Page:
False vacuum decay: New research sheds light on the phenomenon

First experimental evidence of vacuum decay.


Metastability arises from the finite lifetime of a state when a lower-energy configuration is possible but can only be reached by tunneling through an energy barrier. This phenomenon is observed in various natural situations, such as chemical processes and electron field ionization. In classical many-body systems, metastability naturally occurs in the presence of a first-order phase transition.

The application of metastability to quantum field theory and quantum many-body systems has garnered considerable interest in statistical physics, protein folding, and cosmology. In these contexts, it is anticipated that thermal and quantum fluctuations may initiate the transition from a metastable state (false vacuum) to the ground state (true vacuum) through the probabilistic nucleation of spatially localized bubbles. Despite this theoretical progress, the experimental validation of estimating the relaxation rate of the metastable field through bubble nucleation has been a longstanding challenge.

In quantum field theory, transforming a not-so-stable state into an actual stable state is called “false vacuum decay.” This process involves the creation of tiny localized bubbles. While existing theoretical work can predict the frequency of bubble formation, more experimental evidence must be provided.

An international research team, including scientists from Newcastle University, has observed these bubbles forming for the first time in carefully controlled atomic systems. This experimental observation provides valuable insights into the quantum field theory dynamics of false vacuum decay.

Mean-field energy and bubble formation
The cloud is initially prepared in the FV with all the atoms in (A). Although the single spin state is energetically lower (E↓ < E↑) in the centre of the cloud, the situation is the opposite in the low-density tails. The interface (domain wall) between ferromagnetic regions with opposite magnetization has positive (kinetic) energy, which adds up to the double minimum energy landscape emerging from the ferromagnetic interaction. Macroscopic tunnelling can take place resonantly to the bubble state (B), which has a bubble in the centre. The core energy gain compensates for the domain-wall energy cost. The barrier crossing can be triggered by quantum fluctuations in the zero-temperature case (full arrow) or by thermal fluctuations at finite temperature (empty arrow). After the tunnelling process, the bubble increases in size in the presence of dissipation to reach the true vacuum (TV) state (C), without coming back to (A). Credit: Nature Physics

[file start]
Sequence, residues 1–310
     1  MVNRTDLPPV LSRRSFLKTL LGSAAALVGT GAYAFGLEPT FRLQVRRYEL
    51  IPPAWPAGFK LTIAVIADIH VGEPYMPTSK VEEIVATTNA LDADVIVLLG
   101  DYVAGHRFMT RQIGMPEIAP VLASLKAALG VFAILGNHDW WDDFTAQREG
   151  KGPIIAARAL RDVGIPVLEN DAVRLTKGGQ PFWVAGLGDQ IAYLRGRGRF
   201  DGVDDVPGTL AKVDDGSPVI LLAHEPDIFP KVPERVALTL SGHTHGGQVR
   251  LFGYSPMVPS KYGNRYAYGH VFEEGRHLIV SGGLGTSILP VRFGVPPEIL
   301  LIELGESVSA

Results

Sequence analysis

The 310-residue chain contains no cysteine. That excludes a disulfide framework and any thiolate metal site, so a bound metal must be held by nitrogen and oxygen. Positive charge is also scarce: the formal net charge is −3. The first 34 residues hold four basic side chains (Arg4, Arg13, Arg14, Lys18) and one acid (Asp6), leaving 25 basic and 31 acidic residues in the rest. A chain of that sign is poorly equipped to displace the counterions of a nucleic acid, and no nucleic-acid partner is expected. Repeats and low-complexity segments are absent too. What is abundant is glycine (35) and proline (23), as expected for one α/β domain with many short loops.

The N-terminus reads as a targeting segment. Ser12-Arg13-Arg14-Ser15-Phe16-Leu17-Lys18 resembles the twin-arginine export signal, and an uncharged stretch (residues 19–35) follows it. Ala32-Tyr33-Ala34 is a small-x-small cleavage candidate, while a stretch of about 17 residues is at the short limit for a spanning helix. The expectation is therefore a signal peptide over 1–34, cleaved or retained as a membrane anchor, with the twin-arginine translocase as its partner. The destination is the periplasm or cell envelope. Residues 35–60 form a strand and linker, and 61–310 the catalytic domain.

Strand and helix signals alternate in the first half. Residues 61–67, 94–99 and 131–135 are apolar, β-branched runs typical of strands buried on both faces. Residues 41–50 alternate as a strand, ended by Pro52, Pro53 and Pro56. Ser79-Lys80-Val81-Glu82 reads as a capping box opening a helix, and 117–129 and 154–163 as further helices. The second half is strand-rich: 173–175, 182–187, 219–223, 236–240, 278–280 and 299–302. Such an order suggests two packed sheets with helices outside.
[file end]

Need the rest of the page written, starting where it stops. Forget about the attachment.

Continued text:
The experimental findings are substantiated by theoretical simulations and numerical models, affirming the quantum field origin of the decay and its thermal activation. This opens up possibilities for emulating out-of-equilibrium quantum field phenomena in atomic systems.

The experiment used a supercooled gas with a temperature of less than a microkelvin (one millionth of a degree) above absolute zero. At this extremely low temperature, bubbles were observed to emerge as the vacuum decayed.

Professor Ian Moss and Dr. Tom Billam from Newcastle University conclusively demonstrated that these bubbles result from thermally activated vacuum decay. This experimental work contributes to our understanding of quantum field dynamics and provides a platform for exploring quantum phenomena in controlled atomic systems.

Ian Moss, Professor of Theoretical Cosmology at Newcastle University’s School of Mathematics, Statistics, and Physics, said“Vacuum decay is thought to play a central role in the creation of space, time, and matter in the Big Bang, but until now, there has been no experimental test. In particle physics, vacuum decay of the Higgs boson would alter the laws of physics, producing what has been described as the `ultimate ecological catastrophe.'”

Dr Tom Billam, Senior Lecturer in Applied Maths/Quantum, added: “Using the power of ultracold atom experiments to simulate analogs of quantum physics in other systems – in this case, the early universe itself – is a fascinating area of research at the moment.”

The research not only provides insights into the dynamics of quantum field phenomena but also opens up new avenues for understanding the early universe and ferromagnetic quantum phase transitions.

Journal Reference:

  1. Zenesini, A., Berti, A., Cominotti, R. et al. False vacuum decay via bubble formation in ferromagnetic superfluids. Nat. Phys. (2024). DOI: 10.1038/s41567-023-02345-4


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